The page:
Crisis of the Family As the Crisis of Society

A Leading Couple at World Meeting Explains What’s at Stake

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ROME, JAN. 22, 2003 (ZENIT.orgAvvenire).- To present the family as the «Good News» in the new millennium is the objective of the 4th World Meeting of Families, convoked by John Paul II in Manila.

Two million people are expected to attend the closing of the event on Sunday.

Here, Jean-Marie and Anouk Meyer, members of the Pontifical Council for the Family, and one of the leading couples of the event, spoke about the mission of the Christian family.

Jean-Marie Meyer, professor of philosophy in Paris, has been concerned with the family for a long time, especially topics related to identity and education. His wife, Anouk, is a professor of languages and daughter of the late geneticist Jérôme Lejeune, first president of the Pontifical Academy for Life. The couple have seven children, ages 13 to 26.

Q: For years we have heard that the family is in crisis because in all countries, especially in the West, divorces and separations are increasing. What can be done to resist the wave of secularism?

The Meyers: The crisis of the family is the crisis of society, because without the family there is no social life. Today, in the West, politicians are at times disoriented because they are unable to understand this simple truth. Only by giving new strength to the family is it possible to emerge from the crisis.

What makes society live is the family, while secularism does not respect man’s original dimension. Secularism, in fact, neglects something essential: The family has its own richness. In the family, each one has value in and of himself. The existence of each person in the family is understood in a logic of love and loyalty, while secularism has no sense of loyalty.

Q: Christian families, however, live the same dramas and the same difficulties as the rest of families. How much does the difficulty of translating the genuine meaning of the sacrament of marriage weigh on all this?

The Meyers: In the Letter to Families, John Paul II says that Christ — the Bridegroom — is with you. It means that families have a particular resource that characterizes them: Everything in family life is transfigured, because Christ is in the midst of the family.

In the family, moreover, there is an absolute need for education. It’s not optional. Every man is educable. Unfortunately, we Westerners are a bit tired of educating and, therefore, there are too many adults who do not assume their educational responsibilities.

It is Christ himself who reminds us of the meaning of our duty. We must educate the children who have been entrusted to us; if not, we move toward barbarism. And the adults will bear the historical responsibility.

Q: What attitudes should Christian families have to be credible witnesses of the message they have received?

The Meyers: There are no Christian families if there is no personal encounter with Christ. The Christian family is a personal, existential reality, not sociological.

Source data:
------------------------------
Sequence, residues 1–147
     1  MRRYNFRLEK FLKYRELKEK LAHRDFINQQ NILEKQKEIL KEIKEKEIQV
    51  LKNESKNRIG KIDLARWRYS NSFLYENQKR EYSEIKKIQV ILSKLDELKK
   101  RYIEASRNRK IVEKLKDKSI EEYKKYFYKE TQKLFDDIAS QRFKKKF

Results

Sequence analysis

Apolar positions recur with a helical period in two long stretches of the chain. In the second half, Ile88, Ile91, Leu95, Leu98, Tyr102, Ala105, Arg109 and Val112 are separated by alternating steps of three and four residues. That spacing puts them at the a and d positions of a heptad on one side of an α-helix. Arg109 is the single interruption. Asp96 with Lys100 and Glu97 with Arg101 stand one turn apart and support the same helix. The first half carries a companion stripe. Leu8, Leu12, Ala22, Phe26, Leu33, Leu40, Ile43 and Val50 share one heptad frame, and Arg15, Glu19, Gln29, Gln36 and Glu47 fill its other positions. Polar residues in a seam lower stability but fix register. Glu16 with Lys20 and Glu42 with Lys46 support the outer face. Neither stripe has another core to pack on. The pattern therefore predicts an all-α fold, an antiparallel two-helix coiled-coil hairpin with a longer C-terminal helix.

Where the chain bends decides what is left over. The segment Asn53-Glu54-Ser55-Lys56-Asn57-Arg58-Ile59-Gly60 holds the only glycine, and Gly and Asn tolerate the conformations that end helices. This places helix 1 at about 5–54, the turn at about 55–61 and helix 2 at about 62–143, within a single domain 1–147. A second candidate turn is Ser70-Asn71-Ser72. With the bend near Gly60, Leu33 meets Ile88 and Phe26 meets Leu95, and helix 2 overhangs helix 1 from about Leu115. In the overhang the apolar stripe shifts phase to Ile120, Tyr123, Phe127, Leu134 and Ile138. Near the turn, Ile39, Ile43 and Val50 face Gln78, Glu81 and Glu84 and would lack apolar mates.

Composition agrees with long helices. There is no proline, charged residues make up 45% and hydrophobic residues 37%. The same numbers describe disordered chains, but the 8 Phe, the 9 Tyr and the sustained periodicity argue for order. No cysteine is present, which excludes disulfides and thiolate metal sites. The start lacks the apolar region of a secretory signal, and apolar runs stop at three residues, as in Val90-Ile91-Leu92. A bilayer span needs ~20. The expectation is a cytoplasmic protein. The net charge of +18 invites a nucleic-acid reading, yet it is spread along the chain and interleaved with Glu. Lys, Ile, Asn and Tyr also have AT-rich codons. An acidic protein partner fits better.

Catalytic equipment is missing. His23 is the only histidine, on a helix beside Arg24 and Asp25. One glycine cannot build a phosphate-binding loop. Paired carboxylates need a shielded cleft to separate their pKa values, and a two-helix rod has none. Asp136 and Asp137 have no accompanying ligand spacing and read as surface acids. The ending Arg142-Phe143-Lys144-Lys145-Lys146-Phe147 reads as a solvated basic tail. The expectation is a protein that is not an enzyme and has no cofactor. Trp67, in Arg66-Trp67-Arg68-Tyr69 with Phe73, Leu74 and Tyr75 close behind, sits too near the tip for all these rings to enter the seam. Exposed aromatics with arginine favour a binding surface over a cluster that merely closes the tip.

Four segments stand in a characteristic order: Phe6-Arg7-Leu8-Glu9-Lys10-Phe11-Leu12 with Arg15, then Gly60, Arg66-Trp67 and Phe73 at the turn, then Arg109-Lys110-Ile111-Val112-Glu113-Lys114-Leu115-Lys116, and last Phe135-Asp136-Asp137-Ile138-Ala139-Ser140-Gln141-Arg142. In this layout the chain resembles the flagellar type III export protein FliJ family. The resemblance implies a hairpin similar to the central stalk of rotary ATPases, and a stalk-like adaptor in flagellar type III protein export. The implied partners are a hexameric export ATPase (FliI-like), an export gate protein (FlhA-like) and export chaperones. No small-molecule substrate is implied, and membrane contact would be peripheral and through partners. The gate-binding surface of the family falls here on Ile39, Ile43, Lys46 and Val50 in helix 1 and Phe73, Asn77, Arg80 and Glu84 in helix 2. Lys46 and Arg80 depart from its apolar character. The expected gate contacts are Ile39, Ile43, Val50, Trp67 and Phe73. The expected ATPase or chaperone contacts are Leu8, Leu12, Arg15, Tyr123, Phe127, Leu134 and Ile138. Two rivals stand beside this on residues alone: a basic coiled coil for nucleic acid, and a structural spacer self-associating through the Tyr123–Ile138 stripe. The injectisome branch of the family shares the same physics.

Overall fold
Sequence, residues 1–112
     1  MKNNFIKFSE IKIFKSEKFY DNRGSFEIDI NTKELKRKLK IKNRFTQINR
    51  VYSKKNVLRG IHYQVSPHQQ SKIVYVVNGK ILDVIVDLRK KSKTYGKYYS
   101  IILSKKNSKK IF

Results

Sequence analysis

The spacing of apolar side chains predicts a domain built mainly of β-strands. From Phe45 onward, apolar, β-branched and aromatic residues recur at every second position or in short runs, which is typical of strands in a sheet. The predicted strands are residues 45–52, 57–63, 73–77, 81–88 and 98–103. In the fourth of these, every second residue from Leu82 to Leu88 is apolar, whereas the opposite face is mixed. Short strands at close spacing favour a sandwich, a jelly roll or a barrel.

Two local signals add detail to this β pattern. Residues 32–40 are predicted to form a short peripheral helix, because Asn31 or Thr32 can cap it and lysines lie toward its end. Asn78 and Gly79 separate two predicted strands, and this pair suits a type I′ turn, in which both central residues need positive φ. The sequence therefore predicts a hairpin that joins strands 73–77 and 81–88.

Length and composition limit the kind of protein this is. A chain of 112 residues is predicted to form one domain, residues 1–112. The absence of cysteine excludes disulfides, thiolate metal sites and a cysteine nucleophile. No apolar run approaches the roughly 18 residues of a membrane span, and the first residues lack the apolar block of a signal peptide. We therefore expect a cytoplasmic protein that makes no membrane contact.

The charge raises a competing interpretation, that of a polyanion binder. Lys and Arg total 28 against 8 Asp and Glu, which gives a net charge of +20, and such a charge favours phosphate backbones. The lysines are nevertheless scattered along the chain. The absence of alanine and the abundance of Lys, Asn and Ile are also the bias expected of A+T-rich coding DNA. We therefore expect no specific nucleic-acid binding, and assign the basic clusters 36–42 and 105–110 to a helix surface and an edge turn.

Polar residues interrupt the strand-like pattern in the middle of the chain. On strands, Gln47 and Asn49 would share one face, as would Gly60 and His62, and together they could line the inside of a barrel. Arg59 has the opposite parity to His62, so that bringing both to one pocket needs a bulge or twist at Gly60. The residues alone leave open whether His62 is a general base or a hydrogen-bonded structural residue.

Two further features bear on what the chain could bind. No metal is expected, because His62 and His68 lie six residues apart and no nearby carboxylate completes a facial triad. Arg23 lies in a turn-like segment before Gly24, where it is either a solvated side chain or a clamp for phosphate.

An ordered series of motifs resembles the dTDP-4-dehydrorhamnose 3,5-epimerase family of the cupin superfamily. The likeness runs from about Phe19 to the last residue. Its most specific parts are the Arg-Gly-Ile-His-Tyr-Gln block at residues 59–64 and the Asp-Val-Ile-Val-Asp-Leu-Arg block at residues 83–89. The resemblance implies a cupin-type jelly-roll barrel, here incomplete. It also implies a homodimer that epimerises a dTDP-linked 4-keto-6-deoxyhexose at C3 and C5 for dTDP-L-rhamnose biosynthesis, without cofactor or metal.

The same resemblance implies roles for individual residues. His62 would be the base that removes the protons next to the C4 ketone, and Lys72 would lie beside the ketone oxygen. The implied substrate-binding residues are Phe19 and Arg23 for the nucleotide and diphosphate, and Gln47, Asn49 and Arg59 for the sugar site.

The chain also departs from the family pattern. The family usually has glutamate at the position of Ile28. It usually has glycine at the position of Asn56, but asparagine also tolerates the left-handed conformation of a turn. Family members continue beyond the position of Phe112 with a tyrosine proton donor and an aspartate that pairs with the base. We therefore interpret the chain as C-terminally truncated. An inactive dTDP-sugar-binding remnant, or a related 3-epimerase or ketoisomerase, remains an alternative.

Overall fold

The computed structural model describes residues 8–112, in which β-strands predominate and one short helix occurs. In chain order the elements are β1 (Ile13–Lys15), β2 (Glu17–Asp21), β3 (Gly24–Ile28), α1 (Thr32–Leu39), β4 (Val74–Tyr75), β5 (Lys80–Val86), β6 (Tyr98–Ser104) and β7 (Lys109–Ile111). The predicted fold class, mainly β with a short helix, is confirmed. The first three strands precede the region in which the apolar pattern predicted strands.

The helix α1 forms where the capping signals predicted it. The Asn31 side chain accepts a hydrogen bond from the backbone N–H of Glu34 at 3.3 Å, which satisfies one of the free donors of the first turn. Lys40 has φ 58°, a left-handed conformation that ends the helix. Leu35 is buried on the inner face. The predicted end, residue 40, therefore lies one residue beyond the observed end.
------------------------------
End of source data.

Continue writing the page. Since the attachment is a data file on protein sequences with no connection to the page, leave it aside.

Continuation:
For us, the models can be none other than the early Christians, therefore, simple, spontaneous, optimistic, free of complexes. Like them, we, Christian families of the third millennium, must be able to say: come and see. The family, therefore, should be a visible place of charity, which is able to place itself on a natural and supernatural plane.

Q: In the important educational front, to support our children in the understanding of their sexual identity is one of the most delicate tasks, especially in a society in which sex is often interpreted as a «free» and at times «disordered» choice. Can the Christian view of sexuality be an effective remedy for this sickness of our society?

The Meyers: In our society, sexual options are often only the fruit of conformism. At times they also become a categorical imperative, but fortunately many young people are more prudent and reflective than their parents were in the ’60s.

At present we adults must be happy to transmit genuine values. And strong values are transmitted, for example, by reading John Paul II’s texts on the body, by praying, watching less television, reading less of a certain kind of press. But especially, talking peacefully with our children.

Q: Often education in the faith is also one of the most difficult objectives. What attitude should parents have?

The Meyers: Above all, adults must be educated. No one can educate if, in turn, he or she has not been educated. Moreover, we must not tire of emphasizing and witnessing the values in which we believe. Nor must we tire of talking with our children, of making them feel important, of sharing in their activities.

The adults must take the first step. For parents, to really love one’s children means to witness before them a faithful and joyful love.

Q: Assisted fertilization, abortion, euthanasia are behaviors that the doctrine of the Church condemns, but that the greater part of secular culture seems ready to tolerate. How can we make it understood that ours are not rearguard battles, but reflect the good of man himself?

The Meyers: Our society defines itself as tolerant, although tolerance often runs the risk of becoming indifference. As Catholics, we are interested in the future of humanity. We are responsible for this future. Today, however, the risk exists that a desperate and despairing cultural stance will prevail.

The doctrine of the Church is simple: to choose life is possible. The future of humanity lies in the way we face our responsibility. And to us Christian families is given the task to write that future.

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